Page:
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Abby Eagle challenge everything for the truth


How easy it is to hypnotise people but so difficult to wake them up and bring them out of trance..


How is hypnosis and deception used in religion?

By Abby Eagle (7/12/2010)

Synopsis: On the use of hypnosis and deception in the field of spirituality and religion, using Sathya Sai Baba as an example.


There is a common misconception that a hypnotist has the ability to gain power over a subject and make them do anything. The truth, being known to the hypnotist, is that the subject willingly enters an altered state of consciousness and willingly accepts the suggestions made to them, is completely aware of being in a trance and in most cases has full recall of what occurred while in trance.

Another misconception, generally developed by those people who have attended a stage hypnotist show, is that they might not be hypnotisable. This indicates that most people have not the faintest idea what hypnosis is, and lest it is pointed out to them they would have no idea that they have ever been in a trance.

Aside from the fact that people live their life in a trance, trance occurs when consciousness is shifted in some way. In this article I would like to open some points for discussion regarding hypnosis in the field of spirituality and religion.

A magician is one who uses sleight of hand to produce unaccountable or baffling effects for entertainment such as card tricks, pulling a rabbit from a hat, sawing a person in half and putting them back together again, and freeing themselves from handcuffs and locked chains.

A mentalist expands upon the tricks of the magician and includes telepathy, mind reading, psychokinetic touch, prediction and levitation in their repertoire. They rely upon sleight of hand and deception which they expand upon to create a mental effect.

A stage hypnotist is one who practises the art of hypnosis for entertainment, whereas a hypnotherapist is one uses hypnosis for therapeutic purposes. The magician, mentalist and hypnotist all induce trance but as the context changes so does the meaning of the experience. Trance at a stage show, hypnotherapist’s office, in a church or temple, all have different meaning defined by the context and by what the subject brings to the experience. For example, one may give a little prestige to an ordinary stage hypnotist, or one can give maximum prestige to the ‘greatest hypnotist in the world’, or one can give prestige to a minister of religion, or a guru.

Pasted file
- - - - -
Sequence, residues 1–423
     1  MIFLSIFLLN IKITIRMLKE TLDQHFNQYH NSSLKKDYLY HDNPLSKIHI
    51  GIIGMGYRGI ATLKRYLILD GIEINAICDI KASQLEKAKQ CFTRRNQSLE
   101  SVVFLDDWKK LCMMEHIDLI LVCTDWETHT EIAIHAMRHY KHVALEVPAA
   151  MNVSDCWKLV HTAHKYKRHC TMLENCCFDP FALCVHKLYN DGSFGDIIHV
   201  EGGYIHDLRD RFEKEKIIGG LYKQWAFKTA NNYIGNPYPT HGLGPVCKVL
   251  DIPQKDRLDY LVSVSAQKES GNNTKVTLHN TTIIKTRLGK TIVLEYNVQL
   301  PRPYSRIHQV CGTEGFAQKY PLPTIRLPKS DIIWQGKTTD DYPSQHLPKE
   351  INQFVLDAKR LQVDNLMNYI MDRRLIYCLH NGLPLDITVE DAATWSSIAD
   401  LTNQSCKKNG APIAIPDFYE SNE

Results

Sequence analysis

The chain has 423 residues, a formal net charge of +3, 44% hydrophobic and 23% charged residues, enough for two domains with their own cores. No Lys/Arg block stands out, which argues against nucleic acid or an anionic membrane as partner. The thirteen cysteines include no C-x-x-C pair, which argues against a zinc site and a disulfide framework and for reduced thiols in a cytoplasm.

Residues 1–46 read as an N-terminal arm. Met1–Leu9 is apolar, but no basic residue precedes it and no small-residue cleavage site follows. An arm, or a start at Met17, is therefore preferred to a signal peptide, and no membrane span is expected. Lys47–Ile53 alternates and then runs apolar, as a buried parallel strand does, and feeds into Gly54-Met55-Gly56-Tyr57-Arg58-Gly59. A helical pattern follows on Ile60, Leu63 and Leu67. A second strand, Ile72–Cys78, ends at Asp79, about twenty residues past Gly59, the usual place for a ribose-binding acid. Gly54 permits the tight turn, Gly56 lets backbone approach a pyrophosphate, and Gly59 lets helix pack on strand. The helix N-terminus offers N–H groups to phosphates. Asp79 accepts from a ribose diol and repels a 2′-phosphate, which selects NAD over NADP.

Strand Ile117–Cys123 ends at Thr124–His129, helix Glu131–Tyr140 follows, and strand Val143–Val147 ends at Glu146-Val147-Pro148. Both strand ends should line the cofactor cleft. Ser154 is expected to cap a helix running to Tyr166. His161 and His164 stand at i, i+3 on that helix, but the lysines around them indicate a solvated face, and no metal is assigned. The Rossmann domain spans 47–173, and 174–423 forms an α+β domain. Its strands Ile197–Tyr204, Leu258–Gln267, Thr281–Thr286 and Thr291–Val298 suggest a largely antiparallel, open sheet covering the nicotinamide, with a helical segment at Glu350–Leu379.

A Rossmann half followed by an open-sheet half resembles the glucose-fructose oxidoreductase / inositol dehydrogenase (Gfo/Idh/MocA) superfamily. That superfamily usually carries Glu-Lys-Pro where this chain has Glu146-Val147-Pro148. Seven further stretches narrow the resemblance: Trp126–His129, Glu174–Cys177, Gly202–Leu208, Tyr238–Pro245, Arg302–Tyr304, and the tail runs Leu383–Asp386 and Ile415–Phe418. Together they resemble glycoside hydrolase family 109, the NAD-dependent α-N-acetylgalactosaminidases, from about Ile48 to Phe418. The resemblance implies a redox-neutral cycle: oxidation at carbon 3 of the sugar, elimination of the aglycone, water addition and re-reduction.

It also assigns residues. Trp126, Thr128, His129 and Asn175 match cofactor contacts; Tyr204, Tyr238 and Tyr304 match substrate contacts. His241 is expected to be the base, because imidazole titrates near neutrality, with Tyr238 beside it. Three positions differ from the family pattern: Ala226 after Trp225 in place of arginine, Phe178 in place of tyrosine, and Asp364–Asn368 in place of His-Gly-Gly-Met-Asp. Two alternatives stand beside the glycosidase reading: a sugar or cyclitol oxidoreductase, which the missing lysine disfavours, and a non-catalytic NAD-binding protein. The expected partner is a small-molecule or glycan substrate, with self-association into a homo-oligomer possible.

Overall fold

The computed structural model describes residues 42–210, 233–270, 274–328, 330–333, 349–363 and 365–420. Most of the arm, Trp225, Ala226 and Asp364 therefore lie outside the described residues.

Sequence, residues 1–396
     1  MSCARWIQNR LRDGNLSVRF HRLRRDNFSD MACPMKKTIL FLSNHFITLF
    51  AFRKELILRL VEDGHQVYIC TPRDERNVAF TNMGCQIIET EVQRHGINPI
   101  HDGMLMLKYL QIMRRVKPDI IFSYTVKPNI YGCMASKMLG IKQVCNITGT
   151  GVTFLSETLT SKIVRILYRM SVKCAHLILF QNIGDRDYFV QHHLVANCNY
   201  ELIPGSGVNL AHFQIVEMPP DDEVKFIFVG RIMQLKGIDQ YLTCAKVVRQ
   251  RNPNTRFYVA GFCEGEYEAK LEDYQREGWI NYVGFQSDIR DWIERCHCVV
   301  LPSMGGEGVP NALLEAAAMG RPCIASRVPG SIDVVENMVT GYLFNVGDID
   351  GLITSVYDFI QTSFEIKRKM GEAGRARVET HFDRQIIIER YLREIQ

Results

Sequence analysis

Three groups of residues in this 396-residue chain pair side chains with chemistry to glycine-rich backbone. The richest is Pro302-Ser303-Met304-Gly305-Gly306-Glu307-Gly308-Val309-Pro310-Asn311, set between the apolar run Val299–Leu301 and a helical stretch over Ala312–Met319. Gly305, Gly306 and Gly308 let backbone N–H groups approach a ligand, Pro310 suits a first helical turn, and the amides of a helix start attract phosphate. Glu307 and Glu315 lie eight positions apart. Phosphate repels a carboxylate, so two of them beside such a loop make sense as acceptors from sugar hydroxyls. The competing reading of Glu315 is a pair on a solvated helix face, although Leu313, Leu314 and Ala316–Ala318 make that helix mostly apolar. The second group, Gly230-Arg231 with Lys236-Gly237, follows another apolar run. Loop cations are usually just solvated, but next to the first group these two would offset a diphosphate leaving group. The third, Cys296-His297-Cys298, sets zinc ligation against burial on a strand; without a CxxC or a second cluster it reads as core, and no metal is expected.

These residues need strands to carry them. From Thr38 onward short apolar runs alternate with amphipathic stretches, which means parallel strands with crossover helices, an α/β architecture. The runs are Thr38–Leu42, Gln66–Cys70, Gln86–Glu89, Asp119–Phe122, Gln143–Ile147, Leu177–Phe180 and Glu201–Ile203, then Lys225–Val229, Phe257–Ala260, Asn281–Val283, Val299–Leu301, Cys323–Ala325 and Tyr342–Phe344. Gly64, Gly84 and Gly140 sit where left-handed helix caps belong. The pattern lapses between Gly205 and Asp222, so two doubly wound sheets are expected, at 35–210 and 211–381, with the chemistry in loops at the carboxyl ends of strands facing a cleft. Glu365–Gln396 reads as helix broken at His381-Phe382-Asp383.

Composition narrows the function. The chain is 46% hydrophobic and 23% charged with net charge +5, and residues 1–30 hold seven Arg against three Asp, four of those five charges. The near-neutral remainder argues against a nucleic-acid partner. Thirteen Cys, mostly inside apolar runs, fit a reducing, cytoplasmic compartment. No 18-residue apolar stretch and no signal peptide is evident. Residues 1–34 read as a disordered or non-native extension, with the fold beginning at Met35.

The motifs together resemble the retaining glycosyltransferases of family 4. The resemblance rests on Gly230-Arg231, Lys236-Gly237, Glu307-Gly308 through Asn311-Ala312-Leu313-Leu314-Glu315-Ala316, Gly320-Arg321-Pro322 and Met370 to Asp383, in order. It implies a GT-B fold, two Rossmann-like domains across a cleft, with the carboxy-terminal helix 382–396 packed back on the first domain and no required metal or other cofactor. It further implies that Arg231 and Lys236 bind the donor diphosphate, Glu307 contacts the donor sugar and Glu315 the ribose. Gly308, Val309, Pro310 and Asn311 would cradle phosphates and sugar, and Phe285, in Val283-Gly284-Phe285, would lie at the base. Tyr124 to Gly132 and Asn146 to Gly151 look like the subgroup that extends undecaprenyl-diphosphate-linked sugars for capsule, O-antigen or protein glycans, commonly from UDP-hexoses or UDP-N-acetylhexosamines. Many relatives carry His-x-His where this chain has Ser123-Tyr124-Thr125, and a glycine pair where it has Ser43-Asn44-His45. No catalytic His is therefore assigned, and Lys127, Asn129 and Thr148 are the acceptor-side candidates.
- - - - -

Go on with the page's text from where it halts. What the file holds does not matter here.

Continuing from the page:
And as the context shifts from magician, to mentalist, to hypnotist, to hypnotherapist, and into the field of spirituality and religion the relationship between the hypnotist and the audience becomes more intimate and open to exploitation.

We are amazed when a magician pulls a rabbit from a hat, and stunned when a mentalist makes a prediction. We are filled with gratitude when a hypnotherapist facilitates a healing but when a guru like Sathya Sai Baba produces holy ash (vibuthi) from the air; when he materialises gold rings, necklaces and watches - millions sit at his feet and worship him.

Studying the videos of Sathya Sai Baba one can clearly see that he uses deception to create an effect. The holy ash is produced by pulverising a tablet of chalk between his fingers, while the gold rings which he vomits for effect are produced by sleight of hand.

Whether Sathya Sai Baba uses tricks to create an effect for a positive outcome, in the way that a hypnotherapist would use hypnosis for healing, is open to conjecture and not the subject of this article, but he is not alone in India. Hoodoo guru men, godmen, magicians and hypnotists have flourished in India for thousands of years. Who has not read about the Indian rope trick in which a rope remains suspended vertically in mid air? Who has not seen a photograph of an Indian yogi levitating about two feet above the ground in the reclining position, leaning against a walking stick?

The East has perhaps become so artful at combining hypnosis and deception that in Western books on the history of hypnosis there is usually only a passing reference to the fact that sleep temples existed in Egypt and India in ancient times. When in fact hypnosis has been refined to a fine art in the East. How else could so many intelligent Westerners be entranced by the Eastern Guru?


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